The Lower and Upper Xiashaximiao Formations are part of the much larger Dashanpu Formation, and these form the best and most prolific Jurassic beds in China, dating back to the Bathonian to the Callovian Stages. This is about 168 to 161 million years ago.
In fact these are some of the best Jurassic beds in the world. They are located in the Sichuan Region, near the small town of Dashanpu.
The area is known for mining natural gas, and conversely one of the top predators of the area is named after this.
The pterosaur fauna here is limited to a sole rhamphorhynchid named Angustinaripterus. This animal is just a typical non-pterodactyloid, similar in size and shape to its relative Rhamphorhynchus.
It might have fished from the lakes and rivers of the area.
There are plenty of aquatic animals here, including stem-crocodiles. These are almost all goniopholidids, a group of crocodylomorphs which superficially resemble modern forms in size and shape.
However they differ primarily in having much simpler osteoderms, with just two rows across their back, and not as ornate as those of modern crocs. Also their skulls were somewhat flatter and the osteoderms on their bellies were hexagonal and not rectangular.
Two are known from this formation. One of these is the predatory Hsisosuchus. It was around 3 meters long, similar in size to an American alligator and probably in terms of habits too.
The other was Sunosuchus.
Sunosuchus is actually very widespread, living all over Asia, from Kyrgyzstan to Thailand, and China in between. However many species in this massive genus have been reassigned.
For example the Kyrgyzstani species is unnamed, and the Thai species was once known as Goniopholis.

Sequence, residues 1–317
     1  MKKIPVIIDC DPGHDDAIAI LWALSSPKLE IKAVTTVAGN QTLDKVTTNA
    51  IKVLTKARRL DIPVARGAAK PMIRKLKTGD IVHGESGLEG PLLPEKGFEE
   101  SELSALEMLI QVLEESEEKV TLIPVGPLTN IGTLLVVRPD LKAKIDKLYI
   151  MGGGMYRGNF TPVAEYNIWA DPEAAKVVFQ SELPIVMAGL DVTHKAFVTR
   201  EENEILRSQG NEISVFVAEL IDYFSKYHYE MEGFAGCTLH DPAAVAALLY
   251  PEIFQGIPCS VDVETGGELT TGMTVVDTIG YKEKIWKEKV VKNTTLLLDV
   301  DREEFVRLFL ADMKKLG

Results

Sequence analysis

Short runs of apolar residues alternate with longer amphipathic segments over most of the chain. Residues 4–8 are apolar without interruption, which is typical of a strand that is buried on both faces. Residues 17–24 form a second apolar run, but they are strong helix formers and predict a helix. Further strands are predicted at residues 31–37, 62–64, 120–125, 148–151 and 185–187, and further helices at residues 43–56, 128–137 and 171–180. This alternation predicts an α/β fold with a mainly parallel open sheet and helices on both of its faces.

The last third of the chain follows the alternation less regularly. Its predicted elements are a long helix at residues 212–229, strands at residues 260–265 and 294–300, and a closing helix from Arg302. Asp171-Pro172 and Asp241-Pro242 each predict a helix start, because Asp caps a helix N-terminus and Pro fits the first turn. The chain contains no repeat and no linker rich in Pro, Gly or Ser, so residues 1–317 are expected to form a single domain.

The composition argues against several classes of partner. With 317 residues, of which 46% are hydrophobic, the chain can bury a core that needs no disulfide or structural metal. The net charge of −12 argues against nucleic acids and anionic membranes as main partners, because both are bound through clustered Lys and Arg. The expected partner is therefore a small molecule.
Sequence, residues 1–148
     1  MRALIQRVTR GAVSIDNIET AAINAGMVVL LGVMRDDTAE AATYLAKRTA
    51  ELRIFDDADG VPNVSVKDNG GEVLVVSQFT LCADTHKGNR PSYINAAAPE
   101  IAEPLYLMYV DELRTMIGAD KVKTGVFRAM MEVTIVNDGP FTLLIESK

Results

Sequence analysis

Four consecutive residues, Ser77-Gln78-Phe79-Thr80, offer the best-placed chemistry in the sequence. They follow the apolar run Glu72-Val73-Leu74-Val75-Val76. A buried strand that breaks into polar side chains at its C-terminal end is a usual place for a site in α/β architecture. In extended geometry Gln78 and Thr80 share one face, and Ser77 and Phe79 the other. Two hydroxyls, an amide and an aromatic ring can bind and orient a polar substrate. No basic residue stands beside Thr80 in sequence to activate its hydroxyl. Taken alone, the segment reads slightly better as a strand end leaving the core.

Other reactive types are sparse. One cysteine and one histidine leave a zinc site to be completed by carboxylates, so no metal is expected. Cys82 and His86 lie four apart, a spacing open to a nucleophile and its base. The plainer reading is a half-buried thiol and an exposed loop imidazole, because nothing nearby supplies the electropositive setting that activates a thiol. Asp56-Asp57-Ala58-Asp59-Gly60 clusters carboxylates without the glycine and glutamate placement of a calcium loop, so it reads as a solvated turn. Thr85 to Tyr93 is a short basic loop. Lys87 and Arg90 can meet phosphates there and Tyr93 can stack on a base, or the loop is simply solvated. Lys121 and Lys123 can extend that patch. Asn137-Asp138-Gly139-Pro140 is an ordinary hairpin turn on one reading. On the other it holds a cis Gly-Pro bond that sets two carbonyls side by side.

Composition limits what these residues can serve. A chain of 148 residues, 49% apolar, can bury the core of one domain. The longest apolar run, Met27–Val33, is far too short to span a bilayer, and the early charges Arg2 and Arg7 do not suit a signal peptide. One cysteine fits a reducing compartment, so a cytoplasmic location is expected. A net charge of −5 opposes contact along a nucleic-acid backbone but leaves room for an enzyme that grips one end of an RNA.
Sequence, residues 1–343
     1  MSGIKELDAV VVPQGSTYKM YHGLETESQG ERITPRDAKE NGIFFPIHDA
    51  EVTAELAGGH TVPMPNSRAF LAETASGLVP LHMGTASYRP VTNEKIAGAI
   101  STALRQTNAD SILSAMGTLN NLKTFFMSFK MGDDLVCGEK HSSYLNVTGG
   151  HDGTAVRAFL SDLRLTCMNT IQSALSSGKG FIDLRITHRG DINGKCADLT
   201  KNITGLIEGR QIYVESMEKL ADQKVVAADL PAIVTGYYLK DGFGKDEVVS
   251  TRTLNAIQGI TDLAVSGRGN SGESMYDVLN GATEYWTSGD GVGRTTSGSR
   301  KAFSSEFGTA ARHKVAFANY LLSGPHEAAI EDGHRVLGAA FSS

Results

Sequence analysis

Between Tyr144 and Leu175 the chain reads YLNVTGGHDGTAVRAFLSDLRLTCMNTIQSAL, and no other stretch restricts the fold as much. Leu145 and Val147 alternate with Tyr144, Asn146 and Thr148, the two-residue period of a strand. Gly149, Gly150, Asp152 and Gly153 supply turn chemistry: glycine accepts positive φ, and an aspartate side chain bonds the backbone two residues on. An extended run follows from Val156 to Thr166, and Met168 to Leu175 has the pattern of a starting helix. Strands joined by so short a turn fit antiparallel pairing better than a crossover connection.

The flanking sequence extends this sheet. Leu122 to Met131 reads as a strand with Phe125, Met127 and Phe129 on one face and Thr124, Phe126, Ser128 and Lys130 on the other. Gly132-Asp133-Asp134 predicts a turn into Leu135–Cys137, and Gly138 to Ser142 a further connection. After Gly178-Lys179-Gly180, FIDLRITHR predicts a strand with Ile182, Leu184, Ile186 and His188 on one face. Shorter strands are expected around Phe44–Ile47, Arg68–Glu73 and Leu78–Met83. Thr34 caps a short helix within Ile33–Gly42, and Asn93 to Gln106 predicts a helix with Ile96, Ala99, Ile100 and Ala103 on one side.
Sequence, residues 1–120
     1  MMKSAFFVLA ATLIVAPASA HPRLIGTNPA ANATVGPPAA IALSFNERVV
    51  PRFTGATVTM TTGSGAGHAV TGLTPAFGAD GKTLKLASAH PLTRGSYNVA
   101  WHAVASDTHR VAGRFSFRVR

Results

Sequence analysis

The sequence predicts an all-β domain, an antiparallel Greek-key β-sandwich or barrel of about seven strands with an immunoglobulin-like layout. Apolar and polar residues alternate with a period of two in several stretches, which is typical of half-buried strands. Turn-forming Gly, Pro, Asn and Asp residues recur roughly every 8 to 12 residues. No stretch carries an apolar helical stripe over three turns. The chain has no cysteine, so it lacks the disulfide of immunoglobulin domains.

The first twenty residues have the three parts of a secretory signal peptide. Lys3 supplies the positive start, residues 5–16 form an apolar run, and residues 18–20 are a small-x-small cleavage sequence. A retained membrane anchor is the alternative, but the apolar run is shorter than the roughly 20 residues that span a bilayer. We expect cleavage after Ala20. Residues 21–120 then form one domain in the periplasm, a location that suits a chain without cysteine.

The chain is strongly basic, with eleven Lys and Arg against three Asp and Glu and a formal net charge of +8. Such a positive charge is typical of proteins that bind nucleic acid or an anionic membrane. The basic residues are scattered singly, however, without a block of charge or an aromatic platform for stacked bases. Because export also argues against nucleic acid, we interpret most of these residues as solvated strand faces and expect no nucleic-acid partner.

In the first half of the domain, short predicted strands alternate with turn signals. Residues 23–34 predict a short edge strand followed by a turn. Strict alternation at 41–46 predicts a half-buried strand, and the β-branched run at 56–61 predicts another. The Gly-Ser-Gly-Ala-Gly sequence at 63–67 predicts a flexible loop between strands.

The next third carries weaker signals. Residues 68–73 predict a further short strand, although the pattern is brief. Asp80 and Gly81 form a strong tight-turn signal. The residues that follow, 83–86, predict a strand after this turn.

However in another twist, a second Thai species called S. thailandicus was renamed as Chalawan, a completely new genus.
These two goniopholidids and the discovery of a large labyrinthodont amphibian called Sinobrachyops suggest a well-watered environment. In fact the Dashanpu Formation preserves an area of lakes, floodplains and riparian forests.
The area was explored most widely by paleontologist Dong Zhiming from 1975 onward. Much of it dates back to the Middle Jurassic,
Here the non-avialan dinosaur fauna was incredibly diverse, especially when concerning the sauropods.
These were not the diplodocoids and macronarians of Jurassic North America but instead a group known as mamenchisaurs.
These were pretty much limited to East Asia of the time, and their claim to fame lies in their grossly elongated necks.
They lived their lives vertically, with their heads stuck high up in the trees and a small body many meters below.
Both the Lower and Upper Xiashaximiao Formations had their own unique sauropod fauna. The Lower Xiashaximiao contains the well-known Shunosaurus-Omeisaurus Assemblage.
This consists mainly of two sauropods that could not be more different from one another.
Omeisaurus is probably among the most graceful of all sauropods.
It is a mamenchisaur with the characteristically massive neck and tiny body and rather short tail.
The neck was curved, almost like that of a swan, while everything about this genus was slim and almost winsome. A number of species have been found but the best-known is probably O. tianfuensis.
This one had the longest neck of the genus, at over 9 meters, while the whole animal was 15 meters long.
It was still virtually a tiddler in comparison with North American titans like Brachiosaurus and Supersaurus but was still tall thanks to the length of its neck. It probably browsed from the very tops of the conifer trees of its lakeside forest environment.